Library Journal

(Starring review) Center knows how to keep the pages turning, ensuring readers will be completely swept up in Margaret’s story. With its appealing characters and wisdom about grappling with life’s challenges, Center’s sixth novel has all the makings of a breakout hit.

(Starring review) A woman faces a new life after surviving a plane crash in this moving story…. A story that could be either uncompromisingly bleak or unbearably saccharine is neither in Center's hands… with plenty of romantic-comedy…[H]onest and wryly funny.
Kirkus Reviews

Discussion Questions
1. After Maggie’s accident, everyone in her life reacts to  the news in very different ways. What different ways of dealing with grief do you see on display in the novel, both healthy and unhealthy? How do you deal with tragedies in your own life?

2. On page 37, when Maggie wakes up from her time in the ICU, her mother says to her, "You were perfect," implying that she is now imperfect. Why do you think her mother reacts this way? What kind of impact do you think that comment has on Maggie when she’s already in an emotional state?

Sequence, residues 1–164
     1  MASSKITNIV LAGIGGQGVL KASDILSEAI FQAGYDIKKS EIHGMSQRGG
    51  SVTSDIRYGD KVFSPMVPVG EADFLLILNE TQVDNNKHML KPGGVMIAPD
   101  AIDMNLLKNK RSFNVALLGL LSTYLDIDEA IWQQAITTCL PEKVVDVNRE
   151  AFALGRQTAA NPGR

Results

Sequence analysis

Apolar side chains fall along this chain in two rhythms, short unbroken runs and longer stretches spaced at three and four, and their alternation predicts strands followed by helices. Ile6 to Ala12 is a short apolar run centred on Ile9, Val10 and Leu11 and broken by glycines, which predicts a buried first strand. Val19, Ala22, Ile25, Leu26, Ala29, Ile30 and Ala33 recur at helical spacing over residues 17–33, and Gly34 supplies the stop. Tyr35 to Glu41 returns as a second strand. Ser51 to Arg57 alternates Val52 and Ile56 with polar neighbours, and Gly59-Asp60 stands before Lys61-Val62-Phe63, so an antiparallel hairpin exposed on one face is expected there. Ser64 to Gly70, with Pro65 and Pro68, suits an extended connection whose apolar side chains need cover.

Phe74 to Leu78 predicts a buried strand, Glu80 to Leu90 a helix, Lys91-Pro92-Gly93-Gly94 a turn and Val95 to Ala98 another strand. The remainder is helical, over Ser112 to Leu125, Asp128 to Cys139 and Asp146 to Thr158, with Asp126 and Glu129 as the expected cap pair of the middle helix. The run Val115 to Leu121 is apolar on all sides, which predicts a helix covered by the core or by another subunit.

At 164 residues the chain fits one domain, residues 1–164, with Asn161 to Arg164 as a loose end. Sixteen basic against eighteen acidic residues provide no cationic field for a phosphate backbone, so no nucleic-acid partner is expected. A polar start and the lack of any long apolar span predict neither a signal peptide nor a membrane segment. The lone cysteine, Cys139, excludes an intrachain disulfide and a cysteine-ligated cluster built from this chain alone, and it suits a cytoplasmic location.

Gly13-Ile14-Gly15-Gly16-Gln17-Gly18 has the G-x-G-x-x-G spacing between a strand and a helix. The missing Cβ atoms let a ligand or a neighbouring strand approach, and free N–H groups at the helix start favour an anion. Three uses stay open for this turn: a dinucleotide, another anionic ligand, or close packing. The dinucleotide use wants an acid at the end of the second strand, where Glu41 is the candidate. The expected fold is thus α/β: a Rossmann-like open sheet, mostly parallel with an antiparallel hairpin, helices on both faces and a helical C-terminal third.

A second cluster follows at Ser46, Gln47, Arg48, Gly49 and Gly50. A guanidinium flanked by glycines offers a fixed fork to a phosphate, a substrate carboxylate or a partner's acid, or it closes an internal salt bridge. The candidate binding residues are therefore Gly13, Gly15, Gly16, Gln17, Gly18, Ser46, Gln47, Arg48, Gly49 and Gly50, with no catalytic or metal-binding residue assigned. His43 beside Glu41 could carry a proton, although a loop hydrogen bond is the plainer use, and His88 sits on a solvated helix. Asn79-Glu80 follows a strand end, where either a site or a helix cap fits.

3. Throughout the novel, Maggie has to navigate her changing relationship with her family. At one point she says, "This was the trouble with sisters. This was the trouble with family. I had barely cracked open the door to my life, and she’d just barged in and made herself at home." Why do you think Maggie feels invaded by her family? Do you think that her family really was out of line, or was Maggie just struggling? How does your own family react in times of trouble?

4. On page 111, Maggie sees her skin grafts for the first time and thinks, "I would forever be someone who made other people uncomfortable." Her immediate concern isn’t about being less attractive, but about making others uncomfortable. What do you make of this reaction? What does it reveal about Maggie as a character? Why do we feel so uncomfortable around those who have physical differences?